It’s hard to believe as we celebrate our 30th anniversary that the recording we are releasing is a third Christmas album! Our Christmas tour is now as busy as our March tour, and our fans were screaming out for a new Christmas album – so that was the deciding factor. When we received our first booking for a Christmas show many years ago, it amazed us when we started putting the material together how well the Celtic instrumentation gelled with our favorite Christmas carols. But, in a world where practically every artist has recorded a Christmas album and it being a very saturated market, being original and coming up with new material is not easy. To make the new album, we researched, we wrote songs and tunes and we found old gems that were long forgotten and made them fresh and new again. It’s the first album we ever recorded completely in Ireland in Miltown Malbay, County Clare!
You were born in the Bronx, but you now have a home in County Clare. How has that influenced your music?
My mother emigrated from Miltown Malbay, County Clare and I always loved to go back with her for a few weeks every summer and visit friends and family while getting the opportunity to play great music with the local musicians. It was always a dream for me to have a house in Ireland, and that dream came true two years ago when I bought a house owned by Jack Whelan who was a great friend of the family and the president of the Miltown Malbay Social Club in New York. After Jack passed away, his family put the house up for sale and my mother and I went to look at it and when I found a picture of myself in the house – I knew it was meant to be!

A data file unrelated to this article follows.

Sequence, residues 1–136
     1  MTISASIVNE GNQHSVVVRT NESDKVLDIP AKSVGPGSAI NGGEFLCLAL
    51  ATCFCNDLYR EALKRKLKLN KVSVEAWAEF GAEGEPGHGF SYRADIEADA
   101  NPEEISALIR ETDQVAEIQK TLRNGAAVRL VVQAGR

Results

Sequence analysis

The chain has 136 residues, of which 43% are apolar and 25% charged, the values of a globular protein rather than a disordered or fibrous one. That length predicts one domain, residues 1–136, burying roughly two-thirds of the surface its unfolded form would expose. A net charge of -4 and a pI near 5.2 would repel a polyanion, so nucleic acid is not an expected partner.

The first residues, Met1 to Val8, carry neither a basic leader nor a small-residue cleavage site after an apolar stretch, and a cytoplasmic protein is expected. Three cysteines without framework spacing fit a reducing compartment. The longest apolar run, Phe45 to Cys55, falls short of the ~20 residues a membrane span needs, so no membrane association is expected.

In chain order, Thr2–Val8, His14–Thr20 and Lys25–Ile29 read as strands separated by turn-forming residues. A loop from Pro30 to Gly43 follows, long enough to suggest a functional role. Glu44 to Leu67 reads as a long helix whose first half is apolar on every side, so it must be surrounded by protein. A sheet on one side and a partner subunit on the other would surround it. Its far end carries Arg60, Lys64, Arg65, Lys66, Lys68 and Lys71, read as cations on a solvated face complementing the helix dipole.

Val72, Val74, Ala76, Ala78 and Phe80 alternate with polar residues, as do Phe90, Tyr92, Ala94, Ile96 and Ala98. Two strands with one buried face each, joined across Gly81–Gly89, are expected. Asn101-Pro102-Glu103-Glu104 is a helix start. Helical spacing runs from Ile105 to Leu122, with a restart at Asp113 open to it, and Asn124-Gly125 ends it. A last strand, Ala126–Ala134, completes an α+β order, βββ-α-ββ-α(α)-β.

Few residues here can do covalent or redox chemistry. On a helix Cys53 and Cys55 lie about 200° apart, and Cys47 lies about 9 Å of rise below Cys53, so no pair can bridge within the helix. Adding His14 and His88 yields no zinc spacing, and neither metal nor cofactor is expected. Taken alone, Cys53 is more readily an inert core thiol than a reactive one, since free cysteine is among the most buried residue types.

Tell me about the “Christmas Letter” song that’s featured on the album. It has beautiful lyrics and a haunting air.
“If it’s music you want – head to Clare” is a very old saying, and spending more time there I started digging through County Clare’s archival recordings and I stumbled across a song called “The Christmas Letter,” which I learned was a poem written by Michael Scanlon from County Limerick in the early 1900s. It tells the sad story of a lonely mother lamenting on Christmas day because her children were forced to emigrate to America. Many families would head down to Spanish Point near Miltown Malbay and look out over the sea waiting to catch a last glimpse of the ships and their loved ones heading to America, knowing they’d never seem them again. I liked the words – and hearing all the stories down through the years from my own parents about the loneliness for their families at the holidays, I could really relate to the lyrics. The melody was a different story, so I wrote a new melody and the band reworked it and came up with the arrangement, and Don Stiffe from Galway performed it.